Added Value: Bewitched by games

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Sara Pezzini, a buff New York City detective who discovers a weapon with supernatural powers, is the heroine of TNT's "Witchblade", launching its second season June 16. But the TV screen isn't the only screen she'll ignite. "Witchblade", the game, kicks off the same day as the AOL Time Warner cable channel makes its first foray into online gaming.

"We thought the creation of a whole game would really be a great way to extend the promotional content into something brand new," said Scot Safon, senior-VP marketing, TNT. "It's another point of connection for people who like the property. ... People who like the show e-mail each other, then go online and search for more content." Over its 11-week initial run, "Witchblade" racked up 6 million viewers per week.

The game, created by WildTangent, Redmond, Wash., includes prominent product placements from three "Witchblade" advertisers: Gateway, WorldCom Group's 1-800-COLLECT brand and Subaru of America. The advertisers, each of whom bought "major sponsorship packages," according to Mr. Safon, are incorporated into the "Witchblade" cityscapes. For example, the 800 calling brand appears on billboards and phone booths, cow-spotted boxes are stacked in a warehouse and Subarus tool along city streets. TNT may add additional sponsors to the game, which will be available online at AOL keyword: "Witchblade" and for the foreseeable future. The series ends in late August.

"Witchblade" the TV show targets 18-to-49-year olds, but the online game will skew to the younger rung of the demographic. One of the things TNT will look for is crossover between the two demos off- and online.

Marketers across all categories are increasingly looking to online gaming to build brand buzz and affinity, conduct lead generation, encourage trial and promote new products.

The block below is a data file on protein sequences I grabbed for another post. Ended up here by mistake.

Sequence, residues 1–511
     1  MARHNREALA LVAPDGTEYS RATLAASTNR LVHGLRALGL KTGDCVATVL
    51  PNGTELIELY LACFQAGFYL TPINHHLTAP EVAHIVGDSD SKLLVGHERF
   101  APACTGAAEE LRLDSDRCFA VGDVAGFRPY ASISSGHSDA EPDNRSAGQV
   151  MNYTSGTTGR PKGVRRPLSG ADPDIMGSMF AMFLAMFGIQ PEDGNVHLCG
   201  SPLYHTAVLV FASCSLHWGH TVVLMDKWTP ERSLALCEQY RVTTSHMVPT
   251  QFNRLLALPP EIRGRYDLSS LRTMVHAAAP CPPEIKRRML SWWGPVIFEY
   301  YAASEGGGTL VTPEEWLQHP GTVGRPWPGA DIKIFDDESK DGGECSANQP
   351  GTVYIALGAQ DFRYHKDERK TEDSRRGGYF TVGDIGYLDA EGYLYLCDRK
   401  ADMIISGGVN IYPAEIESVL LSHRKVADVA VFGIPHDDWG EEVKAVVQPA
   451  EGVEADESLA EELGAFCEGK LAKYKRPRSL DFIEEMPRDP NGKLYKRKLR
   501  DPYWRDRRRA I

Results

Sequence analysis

"Marketers are looking for immersive environments, especially if they don't see return on investment through banner ads or click-through transactions," said T.S. Kelly, media analyst, Nielsen/NetRatings. Product and plot placement in online game is appealing, particularly via a high-speed broadband Internet connection. "Just as we've seen product placement in movies and TV shows, online gaming is the logical next step and it's a much sexier platform to sell on," Mr. Kelly added.

Package goods companies have launched popular online gaming venues that lure women, their key target. Kraft Foods' offers numerous games while flagging its LifeSavers and other brands. SkyWorks recently created "Arctic 3-D Racer," a game for Jell-O on promoting the brand's Jell-O jell sticks.

Electronic Arts' November launch of the "Sims Online" will incorporate several advertisers ranging from snack and fast-food brands to beverage and apparel brands. Product placements aren't mere commercial gloss-the brands are used to help advance game play.

Product placement in videogames is growing and so are marketers' demands to measure the effectiveness of advergaming. "You have CPMs, but it's the effectiveness of those impressions the longer you're involved in the experience, the more you're getting," said Keith Ferrazzi, president-CEO, online entertainment company YaYa.

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